2012 was an exciting year not only in the stories that were told but in how they were told. Here are ten books that used the comic book medium to its fullest degree.
10. Making Censorship Fun with Hawkeye
It was a genius idea by the creative team on this book to use a masked Hawkeye image to cover Clint Barton’s “bow and arrow” during this scene. It’s the fun moments like this that make Hawkeye one of the best comics that Marvel is producing. Matt Fraction’s writing is at its best and David Aja is a master both in art and the structuring of panels. The fact that they are mostly telling one and done stories is a breath of fresh air as well. It’s the little details, like the fact the Avengers are obsessed with a show called Dog Cops, that make a great book and Hawkeye is full of those details.
9. The Incorporation of Art and Storytelling in Saga
There has been writing used as art before in comics. It is always exciting when it happens, whether it’s hand lettering or sound effects as part of the action. Saga liked that idea and took it a few steps further. Fiona Staples takes Brian K. Vaughan’s narration and adds it to her art in beautiful ways. That little detail makes the narration and the book feel so genuine. Almost as if we have stumbled upon a real girl’s cosmic, picture diary.
8-7 The Roller Coaster Rides of Stumptown and Batman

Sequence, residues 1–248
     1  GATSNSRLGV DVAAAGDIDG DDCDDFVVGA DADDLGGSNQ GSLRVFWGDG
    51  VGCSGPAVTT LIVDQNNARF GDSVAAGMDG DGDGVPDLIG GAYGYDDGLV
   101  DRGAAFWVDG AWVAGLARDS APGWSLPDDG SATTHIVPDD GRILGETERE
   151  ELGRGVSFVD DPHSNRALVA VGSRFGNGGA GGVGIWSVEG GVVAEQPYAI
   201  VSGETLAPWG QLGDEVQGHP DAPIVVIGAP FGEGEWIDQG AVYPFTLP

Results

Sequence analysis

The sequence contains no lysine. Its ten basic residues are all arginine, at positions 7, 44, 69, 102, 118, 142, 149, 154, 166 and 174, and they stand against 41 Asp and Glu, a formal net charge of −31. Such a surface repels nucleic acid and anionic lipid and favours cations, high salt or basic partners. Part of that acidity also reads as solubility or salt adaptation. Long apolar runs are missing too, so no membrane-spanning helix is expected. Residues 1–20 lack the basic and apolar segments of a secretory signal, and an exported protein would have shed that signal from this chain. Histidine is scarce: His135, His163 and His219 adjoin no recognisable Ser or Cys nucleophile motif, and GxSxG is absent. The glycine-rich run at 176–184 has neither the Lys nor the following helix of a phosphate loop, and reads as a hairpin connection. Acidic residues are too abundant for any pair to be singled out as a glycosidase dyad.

Most comics read the same way. You read from left to right. Start at page one and then end at page twenty-two twenty. The only movement that is necessary is your right hand passing the pages to your left. That’s the normal way. Two books this past year changed it up. In Scott Snyder and Greg Capullo’s Batman the Dark Knight got stuck in a maze. The comic was full of twist and turns both in its storytelling and physicallity. You had to turn the comic on its side and upside down in order to read it. Then in Greg Rucka and Matthew Southworth’s Stumptown there was what has to be the best car chase in comics. Again, the creative team used the comic as a tool to tell their story as Dex Parios speeds through the streets of Portland. Both were wonderful and exciting and made the readers feel as if there were in the greatest amusement park of all time.
6. Q: What is a Kid’s Book, a Licensed Property, a Humor Comic and is Read All Over?
A: Adventure Time!
There is a stigmatism with the following: license properties aren’t supposed to be good, adults don’t buy funny comics meant for kids, backups in comics are meant as filler and left to be ignored. Boom must have taken all of these into account when preparing a comic based on the hit Cartoon Network show created by Pendleton Ward. They took the challenges and rose above them making Adventure Time one of the most unique comics on the stands. Not only is it refreshingly funny and absurd, it also is a showcase for the best independent artists in the business. Featuring imaginative work from Ryan North, Braden Lamb, Chris Eliopolis, Paul Pope, Jim Rugg, Chris and Shane Houghton and many more. That’s just the interiors. Cover artists have also included Jeffrey Brown, Chris Samnee, Scott C., Franco, Colleen Cover, Phil Andrew, and Dan Hipp. Whether you like the cartoon or not this is a must read book.
5. Prophet Shoves Into the Deep End